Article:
Should you choose Dartmouth College’s Tuck School of Business or Yale School of Management for your MBA? It’s not a bad dilemma to have.
Neither program is a member of the “M7” group of elite business schools that includes iconic schools such as Harvard, Stanford GSB, Wharton and MIT Sloan. But both have consistently been included in or near the top-10 of prestigious rankings for the past decade.
Currently, The Economist places Tuck #8 globally and Yale #11. The Financial Times places Yale #16 and #19 for Tuck, while Bloomberg BusinessWeek believes Tuck is #7 in the US and Yale #16. Tuck’s edge in the latter is due primarily to superior rankings in job placement (#4 compared with Yale’s #42).
“Tuck historically has been the more competitive school and the quality tended to be slightly higher. But Yale has made tremendous gains over the years and is increasingly viewed as a top program,” says a Tuck MBA graduate who was admitted to Yale but rejected the offer.
“Yale does also benefit from slightly stronger global brand recognition of the parent institution, which likely helps with international admission numbers.”
There are other key differences between the two schools that MBA applicants need to know about before choosing where to study.
Yale SOM vs Dartmouth Tuck: Location
Location is among the major ones. Yale, in the city of New Haven is more urban. Tuck is more rural, in a picturesque setting. “The geography of Tuck lends itself towards an active and outdoorsy crowd that tends to love the seasons and the sports and activities that come with them,” says a former admissions officer at the school, who now works at admissions consulting firm Stacy Blackman Consulting.
On the other hand, Yale students will have more restaurant choices and cultural opportunities.
Both Yale and Tuck students have a commute to New York City or Boston for job opportunities. Yale benefits from proximity to NYC, which makes recruiting trips easier, though there is a coach—which is operated by a private company—that runs frequently to both Boston and New York; there are also flights to the cities from the nearby Lebanon airport. Yale’s airport, Hartford, is further from campus.
“I appreciated the ability to get to New York from Yale in less than two hours without the New York cost of living,” says Gus Roman, a joint MBA and master’s of public health candidate at Yale.
Yale SOM vs Dartmouth Tuck: Admissions requirements, selectivity and culture
Many of the admissions requirements are similar, such as GMAT/GRE score, letters of recommendation and essays — with some differences. Yale was among the first schools to introduce “video essays”, in which applicants have a set time limit to answer randomized questions.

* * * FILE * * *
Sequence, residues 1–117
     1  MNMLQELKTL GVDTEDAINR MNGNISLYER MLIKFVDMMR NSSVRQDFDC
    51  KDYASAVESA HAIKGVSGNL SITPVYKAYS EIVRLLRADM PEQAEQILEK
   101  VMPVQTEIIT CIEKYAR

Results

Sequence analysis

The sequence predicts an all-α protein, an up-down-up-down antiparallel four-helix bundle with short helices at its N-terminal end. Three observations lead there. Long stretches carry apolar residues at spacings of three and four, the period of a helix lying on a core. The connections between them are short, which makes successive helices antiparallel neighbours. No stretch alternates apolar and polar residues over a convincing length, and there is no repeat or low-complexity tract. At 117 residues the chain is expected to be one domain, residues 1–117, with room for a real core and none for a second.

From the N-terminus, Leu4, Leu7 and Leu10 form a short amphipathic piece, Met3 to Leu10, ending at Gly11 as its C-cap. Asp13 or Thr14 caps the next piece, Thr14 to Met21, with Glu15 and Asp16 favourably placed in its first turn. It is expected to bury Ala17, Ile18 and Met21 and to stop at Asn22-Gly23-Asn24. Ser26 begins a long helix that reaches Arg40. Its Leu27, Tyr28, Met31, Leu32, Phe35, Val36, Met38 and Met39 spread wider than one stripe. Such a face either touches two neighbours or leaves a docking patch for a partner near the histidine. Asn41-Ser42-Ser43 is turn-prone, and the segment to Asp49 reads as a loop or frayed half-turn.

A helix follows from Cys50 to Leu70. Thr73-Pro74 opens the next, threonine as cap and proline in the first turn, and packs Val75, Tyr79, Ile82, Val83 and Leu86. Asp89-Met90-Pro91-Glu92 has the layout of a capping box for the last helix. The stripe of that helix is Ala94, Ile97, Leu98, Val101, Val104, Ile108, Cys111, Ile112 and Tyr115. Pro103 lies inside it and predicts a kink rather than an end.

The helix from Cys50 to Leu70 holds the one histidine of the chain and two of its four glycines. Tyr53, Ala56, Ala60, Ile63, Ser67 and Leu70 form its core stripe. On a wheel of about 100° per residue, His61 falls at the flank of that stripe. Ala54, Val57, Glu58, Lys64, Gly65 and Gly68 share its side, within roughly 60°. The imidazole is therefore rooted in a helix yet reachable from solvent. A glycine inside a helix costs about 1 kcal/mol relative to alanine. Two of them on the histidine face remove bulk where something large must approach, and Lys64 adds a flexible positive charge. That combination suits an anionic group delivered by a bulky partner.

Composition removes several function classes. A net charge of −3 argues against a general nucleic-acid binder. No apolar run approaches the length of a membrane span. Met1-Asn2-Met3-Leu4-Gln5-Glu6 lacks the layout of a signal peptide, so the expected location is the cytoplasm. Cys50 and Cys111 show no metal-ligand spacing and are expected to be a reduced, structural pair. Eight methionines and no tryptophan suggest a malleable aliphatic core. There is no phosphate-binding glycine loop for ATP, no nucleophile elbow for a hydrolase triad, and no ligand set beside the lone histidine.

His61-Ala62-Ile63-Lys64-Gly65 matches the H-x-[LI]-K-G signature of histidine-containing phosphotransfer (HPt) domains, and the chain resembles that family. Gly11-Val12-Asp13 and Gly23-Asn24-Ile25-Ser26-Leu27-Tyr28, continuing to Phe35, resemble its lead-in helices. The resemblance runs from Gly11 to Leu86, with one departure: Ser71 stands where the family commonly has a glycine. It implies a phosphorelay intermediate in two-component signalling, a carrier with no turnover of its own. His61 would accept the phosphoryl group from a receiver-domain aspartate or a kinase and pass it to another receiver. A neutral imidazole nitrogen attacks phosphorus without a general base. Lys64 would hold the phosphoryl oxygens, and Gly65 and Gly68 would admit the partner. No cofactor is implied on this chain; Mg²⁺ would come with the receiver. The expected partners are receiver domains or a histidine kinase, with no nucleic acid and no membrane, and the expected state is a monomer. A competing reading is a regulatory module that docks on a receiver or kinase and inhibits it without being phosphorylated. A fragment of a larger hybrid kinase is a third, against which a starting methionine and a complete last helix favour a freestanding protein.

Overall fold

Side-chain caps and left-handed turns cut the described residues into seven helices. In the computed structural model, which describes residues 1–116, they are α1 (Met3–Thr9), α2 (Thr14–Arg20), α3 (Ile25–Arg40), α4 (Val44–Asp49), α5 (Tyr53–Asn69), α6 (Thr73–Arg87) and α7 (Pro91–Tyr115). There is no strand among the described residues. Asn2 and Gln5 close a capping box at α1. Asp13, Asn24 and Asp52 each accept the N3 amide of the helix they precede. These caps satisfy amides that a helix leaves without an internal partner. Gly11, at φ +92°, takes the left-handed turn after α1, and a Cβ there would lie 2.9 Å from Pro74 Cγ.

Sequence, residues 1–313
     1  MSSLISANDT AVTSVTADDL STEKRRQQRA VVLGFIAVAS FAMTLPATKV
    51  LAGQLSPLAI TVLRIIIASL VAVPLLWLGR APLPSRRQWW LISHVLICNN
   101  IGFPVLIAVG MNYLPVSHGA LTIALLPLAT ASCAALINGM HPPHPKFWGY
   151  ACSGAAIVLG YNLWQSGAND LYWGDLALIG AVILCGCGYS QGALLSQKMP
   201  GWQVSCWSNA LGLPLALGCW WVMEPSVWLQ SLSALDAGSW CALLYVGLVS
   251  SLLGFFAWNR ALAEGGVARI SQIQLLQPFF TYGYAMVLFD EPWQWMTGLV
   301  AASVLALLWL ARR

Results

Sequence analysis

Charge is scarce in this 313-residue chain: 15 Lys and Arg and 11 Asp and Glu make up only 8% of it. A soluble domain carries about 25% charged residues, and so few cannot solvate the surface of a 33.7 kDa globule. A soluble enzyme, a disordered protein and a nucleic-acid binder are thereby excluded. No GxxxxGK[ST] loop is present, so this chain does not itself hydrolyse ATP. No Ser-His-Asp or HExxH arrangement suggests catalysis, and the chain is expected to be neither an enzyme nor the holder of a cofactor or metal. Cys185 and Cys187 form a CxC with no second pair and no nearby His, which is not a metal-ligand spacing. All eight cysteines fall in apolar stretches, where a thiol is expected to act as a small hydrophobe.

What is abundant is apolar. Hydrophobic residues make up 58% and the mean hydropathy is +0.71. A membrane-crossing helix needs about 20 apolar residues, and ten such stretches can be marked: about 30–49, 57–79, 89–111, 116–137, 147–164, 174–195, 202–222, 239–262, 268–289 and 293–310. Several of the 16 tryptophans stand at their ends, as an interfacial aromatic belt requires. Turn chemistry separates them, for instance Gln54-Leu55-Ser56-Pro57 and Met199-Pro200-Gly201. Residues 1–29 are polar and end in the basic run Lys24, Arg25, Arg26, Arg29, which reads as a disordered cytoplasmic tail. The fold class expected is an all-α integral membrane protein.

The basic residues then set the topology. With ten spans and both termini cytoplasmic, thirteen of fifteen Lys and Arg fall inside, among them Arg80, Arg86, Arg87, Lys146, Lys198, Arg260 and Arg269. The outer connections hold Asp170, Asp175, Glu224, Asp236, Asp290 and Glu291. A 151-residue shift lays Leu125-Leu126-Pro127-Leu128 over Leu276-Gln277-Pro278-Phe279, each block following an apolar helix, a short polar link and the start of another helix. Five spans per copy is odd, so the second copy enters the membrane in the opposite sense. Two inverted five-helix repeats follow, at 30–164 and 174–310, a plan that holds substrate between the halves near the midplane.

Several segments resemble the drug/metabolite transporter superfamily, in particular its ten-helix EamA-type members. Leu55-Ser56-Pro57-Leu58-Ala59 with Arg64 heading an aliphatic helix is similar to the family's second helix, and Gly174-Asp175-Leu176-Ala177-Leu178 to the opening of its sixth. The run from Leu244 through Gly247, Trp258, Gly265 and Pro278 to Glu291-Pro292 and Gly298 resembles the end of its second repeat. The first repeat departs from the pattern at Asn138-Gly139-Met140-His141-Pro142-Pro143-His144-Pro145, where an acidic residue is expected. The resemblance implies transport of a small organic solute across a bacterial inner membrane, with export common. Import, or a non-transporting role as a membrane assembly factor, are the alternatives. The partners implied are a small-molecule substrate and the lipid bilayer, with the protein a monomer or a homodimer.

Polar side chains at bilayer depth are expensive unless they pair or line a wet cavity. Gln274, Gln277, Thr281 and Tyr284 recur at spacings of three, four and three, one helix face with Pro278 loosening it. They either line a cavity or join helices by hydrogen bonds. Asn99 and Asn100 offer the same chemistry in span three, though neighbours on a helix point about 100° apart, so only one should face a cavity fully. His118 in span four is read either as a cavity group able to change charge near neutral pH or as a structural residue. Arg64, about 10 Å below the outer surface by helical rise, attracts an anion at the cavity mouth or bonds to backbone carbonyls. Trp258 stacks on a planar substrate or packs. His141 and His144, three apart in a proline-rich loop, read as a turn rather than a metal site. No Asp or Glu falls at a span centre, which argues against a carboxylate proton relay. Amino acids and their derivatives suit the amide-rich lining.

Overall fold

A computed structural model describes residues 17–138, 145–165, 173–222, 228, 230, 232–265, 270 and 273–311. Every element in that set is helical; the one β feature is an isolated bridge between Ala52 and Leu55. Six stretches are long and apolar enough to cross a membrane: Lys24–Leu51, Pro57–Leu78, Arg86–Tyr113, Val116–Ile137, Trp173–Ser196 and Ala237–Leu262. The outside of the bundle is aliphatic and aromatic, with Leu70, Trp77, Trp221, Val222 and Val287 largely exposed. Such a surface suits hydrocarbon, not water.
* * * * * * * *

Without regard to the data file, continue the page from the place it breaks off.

And Tuck this year placed more emphasis on emotional intelligence, or the ability to understand and express emotion, in its application process.
Selectivity at both schools similar, with a roughly 20 percent acceptance rate.
One significant difference is the size of the student body. Yale’s MBA class has approximately 347 students while Tuck has 287. “Tuck has strong emphasis on a collaborative culture. Students are smart, nice, diverse and very engaged in the community,” says the former Tuck admissions officer. Meanwhile, Yale is known to attract a more intellectual, progressive and social justice-minded student body.
Roman, the Yale MBA/MPH candidate, says: “The culture championed by the business and society mission of Yale SOM make it a unique place where everyone has the ability to share their own voice and be heard.”
Both MBA cohorts are diverse, with more than 40 percent women students, though Yale has more international candidates (45 percent compared with 36 percent at Tuck).
Yale has a higher average GMAT score (730 while Tuck’s is 722) and undergraduate GPA (3.71 vs Tuck’s 3.49) — both traditional but not comprehensive measures of candidate quality.
Admissions consultants and former MBA students describe Yale as more of a progressive program, whereas Tuck’s MBA is considered more traditional.
“From my experience, Yale has a more integrative learning environment where boundaries between disciplines are less rigid,” says the Tuck MBA graduate. “Tuck is a far more traditional program where there are clearly defined lessons in marketing, finance, accounting, strategy, etc.”
Yale SOM vs Dartmouth Tuck: Alumni network and MBA career outcomes
Despite its larger population, Yale is a relatively new business school, having been founded in 1994. By comparison, Tuck arrived on the scene in 1900 as America’s first graduate school of business. “This helps explain why Tuck’s alumni base is considered by many as the most loyal and dedicated of all such networks,” says Alex Min, CEO of The MBA Exchange admissions advisory firm.
According to The Economist’s 2017 alumni effectiveness ranking, Tuck came second globally while Yale was ranked #15.
The career outcomes are similar in terms of industry placement —some 50 percent of both school’s MBAs work in the traditional fields of finance and consulting.
The career placement data does not bear out Yale’s reputation for a more eclectic, varied student body. Only a slightly larger number of graduates work in non-traditional career paths than at Tuck, such as the non-profit sector. Tech is slightly stronger at Tuck.
Ultimately, Roman at Yale says applicants should visit the schools, meet students and engage with faculty before making their choice.
“Get a full spectrum view of the school; walk through the campus, sit in on classes, find a way to go out with the students and hear what they really have to say,” he says.
“Websites and rankings provide one (important) frame to the story, but choosing to spend two years of your professional life resuming academic pursuits deserves a more personal approach.”
- Dartmouth - Tuck: Public Domain
- Yale SOM facade: Nick Allen / CC BY-SA 3.0
- Dartmouth College campus: Public Domain
- Downtown New Haven: Versageek / CC BY-SA 3.0